New Map Database Seeks to Expand Public Land Use for Housing in Seattle

by Will Sweger

In the wake of passing the Employee Hours Tax or Head Tax, Seattle, in partnership with King County and the Bill and Melinda Gates Foundation, is sponsoring the creation of an interactive public land map to identify sites within the city suitable for low-income housing and other public amenities like child-care.

Representatives from Enterprise Community Partners, a non-profit development and housing advocacy organization, presented a prototype version of the public land map to a committee of the Seattle City Council last week. M. A. Leonard, Market Leader for Enterprise Community Partners in the Pacific Northwest, told the committee the use of public land for low-income housing development constitutes “an opportunity for you to fight the tidal wave of stuff that’s happening to make the city less affordable.”

Councilmember Teresa Mosqueda invited Enterprise to give the presentation and spoke out on behalf of using public land for low-income housing development. “When we build affordable housing on publicly owned land, we ensure that our public dollars actually go further, so while we accomplished getting around $50 million in hand with the Employee Head Tax, the point is to make those dollars go further,” she said. “We can do that by building on public land.”

Mosqueda tied in her seat on the council to the struggle for housing and equity in public health outcomes. She explained, “For me, the entire purpose for being here is making sure that your zip code does not determine your health outcomes or your life expectancy. As we have a conversation about building affordable housing, we’re talking about increasing access to resource-rich neighborhoods next to schools and childcare facilities and parks and transit lines. This is how we will create greater housing equity and true opportunities for communities. I don’t want that to get lost. This type of tool can help us accomplish that goal.”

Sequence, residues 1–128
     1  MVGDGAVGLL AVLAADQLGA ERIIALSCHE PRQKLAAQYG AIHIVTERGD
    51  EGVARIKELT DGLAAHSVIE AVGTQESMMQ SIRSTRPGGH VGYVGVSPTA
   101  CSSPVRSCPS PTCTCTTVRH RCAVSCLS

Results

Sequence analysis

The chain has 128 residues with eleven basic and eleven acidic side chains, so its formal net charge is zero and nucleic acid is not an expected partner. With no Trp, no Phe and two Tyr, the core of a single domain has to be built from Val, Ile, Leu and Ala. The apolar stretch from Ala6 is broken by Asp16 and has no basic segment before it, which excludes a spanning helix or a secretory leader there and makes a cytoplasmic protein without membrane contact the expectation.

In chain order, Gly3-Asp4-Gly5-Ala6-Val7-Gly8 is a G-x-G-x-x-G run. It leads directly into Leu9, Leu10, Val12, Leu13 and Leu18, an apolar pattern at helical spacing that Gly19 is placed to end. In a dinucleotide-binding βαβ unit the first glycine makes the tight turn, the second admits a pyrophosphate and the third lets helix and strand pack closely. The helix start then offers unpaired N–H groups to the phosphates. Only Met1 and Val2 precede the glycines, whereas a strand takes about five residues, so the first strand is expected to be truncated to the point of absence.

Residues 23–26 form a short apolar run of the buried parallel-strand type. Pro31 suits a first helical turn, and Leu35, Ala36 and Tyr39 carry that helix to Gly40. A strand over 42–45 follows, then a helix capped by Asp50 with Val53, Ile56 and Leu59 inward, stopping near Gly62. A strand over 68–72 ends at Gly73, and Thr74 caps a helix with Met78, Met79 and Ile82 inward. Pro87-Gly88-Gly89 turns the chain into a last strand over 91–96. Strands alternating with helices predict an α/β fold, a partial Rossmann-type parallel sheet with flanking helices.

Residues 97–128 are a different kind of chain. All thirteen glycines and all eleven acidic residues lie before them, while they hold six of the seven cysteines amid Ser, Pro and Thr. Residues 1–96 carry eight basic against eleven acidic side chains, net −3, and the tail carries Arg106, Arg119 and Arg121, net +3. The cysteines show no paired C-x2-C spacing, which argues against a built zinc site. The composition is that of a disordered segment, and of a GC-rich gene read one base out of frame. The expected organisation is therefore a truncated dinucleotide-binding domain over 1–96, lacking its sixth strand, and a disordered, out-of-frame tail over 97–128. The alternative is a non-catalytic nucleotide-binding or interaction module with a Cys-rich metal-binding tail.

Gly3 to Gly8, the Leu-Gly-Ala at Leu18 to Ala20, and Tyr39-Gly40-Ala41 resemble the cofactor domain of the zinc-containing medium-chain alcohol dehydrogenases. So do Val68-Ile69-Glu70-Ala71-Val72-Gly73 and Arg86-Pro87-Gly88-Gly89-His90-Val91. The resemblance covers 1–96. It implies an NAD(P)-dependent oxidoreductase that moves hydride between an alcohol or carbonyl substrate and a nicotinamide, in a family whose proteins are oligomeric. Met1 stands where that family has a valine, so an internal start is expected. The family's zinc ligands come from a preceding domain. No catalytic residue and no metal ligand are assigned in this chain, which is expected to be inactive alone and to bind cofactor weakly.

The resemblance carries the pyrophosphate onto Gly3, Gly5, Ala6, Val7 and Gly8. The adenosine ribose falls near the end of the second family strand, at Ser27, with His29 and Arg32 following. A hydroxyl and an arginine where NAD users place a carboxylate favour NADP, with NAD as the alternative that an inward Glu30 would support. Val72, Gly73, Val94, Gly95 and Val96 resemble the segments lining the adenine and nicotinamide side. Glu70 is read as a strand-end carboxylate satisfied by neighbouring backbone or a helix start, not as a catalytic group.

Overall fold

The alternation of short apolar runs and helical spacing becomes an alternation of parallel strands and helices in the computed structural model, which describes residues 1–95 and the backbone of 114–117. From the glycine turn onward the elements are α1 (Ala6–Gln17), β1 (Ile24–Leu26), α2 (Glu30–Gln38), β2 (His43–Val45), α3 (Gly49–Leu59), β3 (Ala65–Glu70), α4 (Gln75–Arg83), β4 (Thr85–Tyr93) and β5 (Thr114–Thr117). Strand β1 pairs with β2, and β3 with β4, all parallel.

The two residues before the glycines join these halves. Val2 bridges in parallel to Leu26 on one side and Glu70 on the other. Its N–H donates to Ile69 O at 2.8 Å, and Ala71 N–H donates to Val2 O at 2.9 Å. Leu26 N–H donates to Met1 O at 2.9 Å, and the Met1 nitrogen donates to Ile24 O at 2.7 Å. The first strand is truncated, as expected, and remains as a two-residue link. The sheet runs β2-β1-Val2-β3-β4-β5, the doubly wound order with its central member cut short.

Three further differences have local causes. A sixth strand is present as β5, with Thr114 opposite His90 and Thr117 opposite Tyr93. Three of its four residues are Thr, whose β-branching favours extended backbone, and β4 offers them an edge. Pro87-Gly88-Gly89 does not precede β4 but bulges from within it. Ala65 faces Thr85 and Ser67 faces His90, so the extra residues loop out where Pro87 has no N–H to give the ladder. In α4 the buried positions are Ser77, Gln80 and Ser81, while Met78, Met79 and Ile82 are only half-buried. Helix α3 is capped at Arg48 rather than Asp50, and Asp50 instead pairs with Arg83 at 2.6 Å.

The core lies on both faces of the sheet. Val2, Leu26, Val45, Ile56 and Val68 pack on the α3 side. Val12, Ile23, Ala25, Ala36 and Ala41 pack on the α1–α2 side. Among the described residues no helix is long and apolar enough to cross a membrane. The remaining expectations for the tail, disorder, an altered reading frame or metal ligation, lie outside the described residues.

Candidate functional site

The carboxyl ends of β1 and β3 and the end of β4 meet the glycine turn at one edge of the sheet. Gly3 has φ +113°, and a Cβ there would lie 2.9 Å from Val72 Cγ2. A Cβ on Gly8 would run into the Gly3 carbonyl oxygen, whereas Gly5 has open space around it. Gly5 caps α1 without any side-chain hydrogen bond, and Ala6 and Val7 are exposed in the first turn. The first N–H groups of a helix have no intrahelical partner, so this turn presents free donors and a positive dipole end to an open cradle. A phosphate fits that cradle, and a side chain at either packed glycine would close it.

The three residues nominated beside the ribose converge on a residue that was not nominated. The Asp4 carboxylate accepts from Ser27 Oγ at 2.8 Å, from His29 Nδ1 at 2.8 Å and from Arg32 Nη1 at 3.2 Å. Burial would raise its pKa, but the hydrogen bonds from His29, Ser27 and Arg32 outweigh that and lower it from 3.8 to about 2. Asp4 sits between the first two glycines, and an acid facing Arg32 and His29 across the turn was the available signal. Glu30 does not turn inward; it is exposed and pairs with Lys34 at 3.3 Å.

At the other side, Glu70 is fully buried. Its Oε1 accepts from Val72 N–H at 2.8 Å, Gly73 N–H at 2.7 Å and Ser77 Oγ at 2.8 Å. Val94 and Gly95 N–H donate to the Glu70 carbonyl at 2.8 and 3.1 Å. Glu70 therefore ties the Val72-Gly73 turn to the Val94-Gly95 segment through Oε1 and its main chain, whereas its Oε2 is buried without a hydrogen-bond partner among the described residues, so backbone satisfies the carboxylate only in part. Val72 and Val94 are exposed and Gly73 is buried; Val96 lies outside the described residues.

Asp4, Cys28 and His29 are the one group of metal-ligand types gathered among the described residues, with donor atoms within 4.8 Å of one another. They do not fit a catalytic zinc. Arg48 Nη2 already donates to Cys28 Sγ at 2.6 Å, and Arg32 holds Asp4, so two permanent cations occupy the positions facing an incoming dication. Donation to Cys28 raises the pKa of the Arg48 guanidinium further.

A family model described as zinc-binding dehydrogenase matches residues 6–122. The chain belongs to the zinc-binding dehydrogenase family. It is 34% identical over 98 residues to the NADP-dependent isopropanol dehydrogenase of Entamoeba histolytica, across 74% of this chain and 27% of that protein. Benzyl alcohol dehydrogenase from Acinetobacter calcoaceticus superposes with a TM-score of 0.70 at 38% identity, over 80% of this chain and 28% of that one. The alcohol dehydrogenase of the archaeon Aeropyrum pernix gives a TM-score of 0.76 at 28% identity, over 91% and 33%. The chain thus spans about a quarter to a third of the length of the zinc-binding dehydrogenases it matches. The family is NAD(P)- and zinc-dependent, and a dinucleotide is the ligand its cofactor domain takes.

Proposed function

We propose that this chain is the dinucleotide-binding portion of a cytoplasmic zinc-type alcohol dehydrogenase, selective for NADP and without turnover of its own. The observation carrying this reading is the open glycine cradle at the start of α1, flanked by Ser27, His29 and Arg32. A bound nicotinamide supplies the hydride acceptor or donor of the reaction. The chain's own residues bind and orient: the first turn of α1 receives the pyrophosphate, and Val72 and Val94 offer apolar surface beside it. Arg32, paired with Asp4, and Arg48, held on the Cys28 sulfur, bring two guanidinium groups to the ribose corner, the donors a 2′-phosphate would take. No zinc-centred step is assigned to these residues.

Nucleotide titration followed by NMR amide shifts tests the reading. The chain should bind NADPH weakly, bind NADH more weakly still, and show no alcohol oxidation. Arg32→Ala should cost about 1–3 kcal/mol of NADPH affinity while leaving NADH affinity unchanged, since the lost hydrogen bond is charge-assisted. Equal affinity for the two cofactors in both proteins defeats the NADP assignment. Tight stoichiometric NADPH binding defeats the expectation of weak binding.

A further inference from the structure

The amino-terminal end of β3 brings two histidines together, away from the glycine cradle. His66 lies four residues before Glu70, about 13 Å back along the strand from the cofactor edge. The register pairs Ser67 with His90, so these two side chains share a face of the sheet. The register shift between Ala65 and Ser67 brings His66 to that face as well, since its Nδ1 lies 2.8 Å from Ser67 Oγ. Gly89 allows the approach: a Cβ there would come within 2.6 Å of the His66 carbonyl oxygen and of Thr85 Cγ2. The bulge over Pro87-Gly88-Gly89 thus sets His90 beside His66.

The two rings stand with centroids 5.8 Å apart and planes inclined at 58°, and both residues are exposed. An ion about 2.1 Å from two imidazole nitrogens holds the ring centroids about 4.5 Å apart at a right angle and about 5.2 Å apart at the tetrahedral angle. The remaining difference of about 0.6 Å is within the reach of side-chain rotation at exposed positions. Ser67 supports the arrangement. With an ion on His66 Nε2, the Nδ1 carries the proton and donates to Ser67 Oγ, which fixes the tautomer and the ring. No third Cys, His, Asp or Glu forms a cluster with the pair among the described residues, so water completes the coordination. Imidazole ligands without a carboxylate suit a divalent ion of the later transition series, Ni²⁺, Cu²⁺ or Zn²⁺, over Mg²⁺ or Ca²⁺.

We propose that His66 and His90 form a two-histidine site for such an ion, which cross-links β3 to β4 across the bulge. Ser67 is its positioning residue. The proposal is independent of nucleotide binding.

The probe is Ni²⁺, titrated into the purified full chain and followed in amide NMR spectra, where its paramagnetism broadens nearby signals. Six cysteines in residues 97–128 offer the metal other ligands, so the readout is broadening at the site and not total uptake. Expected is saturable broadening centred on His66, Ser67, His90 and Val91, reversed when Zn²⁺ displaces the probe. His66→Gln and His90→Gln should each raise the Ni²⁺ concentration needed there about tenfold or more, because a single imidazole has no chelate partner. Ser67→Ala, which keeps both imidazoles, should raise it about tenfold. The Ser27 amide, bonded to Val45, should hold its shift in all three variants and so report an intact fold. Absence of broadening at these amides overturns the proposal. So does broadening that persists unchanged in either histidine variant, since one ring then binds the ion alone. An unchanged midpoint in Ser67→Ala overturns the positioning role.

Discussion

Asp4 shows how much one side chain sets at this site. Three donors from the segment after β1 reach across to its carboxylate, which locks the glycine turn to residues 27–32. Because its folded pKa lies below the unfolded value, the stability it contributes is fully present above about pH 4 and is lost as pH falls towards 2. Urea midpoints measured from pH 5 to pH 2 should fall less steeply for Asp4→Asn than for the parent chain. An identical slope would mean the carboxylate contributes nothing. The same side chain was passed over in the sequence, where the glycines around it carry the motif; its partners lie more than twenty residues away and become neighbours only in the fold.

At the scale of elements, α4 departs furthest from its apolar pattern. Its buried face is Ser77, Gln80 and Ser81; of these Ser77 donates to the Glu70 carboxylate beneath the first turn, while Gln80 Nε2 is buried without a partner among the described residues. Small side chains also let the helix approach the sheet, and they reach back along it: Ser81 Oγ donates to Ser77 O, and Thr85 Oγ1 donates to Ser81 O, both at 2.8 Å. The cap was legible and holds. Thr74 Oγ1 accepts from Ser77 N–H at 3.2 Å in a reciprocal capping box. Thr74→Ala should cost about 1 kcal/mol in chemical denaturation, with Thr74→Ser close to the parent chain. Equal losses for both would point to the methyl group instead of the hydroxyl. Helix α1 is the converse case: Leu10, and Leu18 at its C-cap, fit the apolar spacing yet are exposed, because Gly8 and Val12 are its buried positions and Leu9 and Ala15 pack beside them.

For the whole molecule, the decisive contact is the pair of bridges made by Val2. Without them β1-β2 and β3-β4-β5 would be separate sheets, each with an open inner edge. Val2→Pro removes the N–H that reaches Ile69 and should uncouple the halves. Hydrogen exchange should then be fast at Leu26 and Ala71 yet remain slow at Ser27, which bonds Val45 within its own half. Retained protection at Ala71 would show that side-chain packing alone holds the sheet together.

The aim of the project is to provide a measurement of how much public land within the Seattle city limits—including land owned by the City of Seattle, King County, Washington State, Public Utility Districts, the Port of Seattle, and Sound Transit—is available or underutilized and could be used for affordable housing.

The map database includes search features allowing users to filter by the size of the land parcel, its proximity to public transit, preschools, zoning laws, and a plethora of other factors including city council districts. Land owned by non-profits is also included in the database.

The land information is drawn from records gathered by the King County Assessors’ Office. In putting together the map tool, Enterprise found over 10,000 parcels of land in King County that are publically owned and might be suitable for the construction of low-income housing.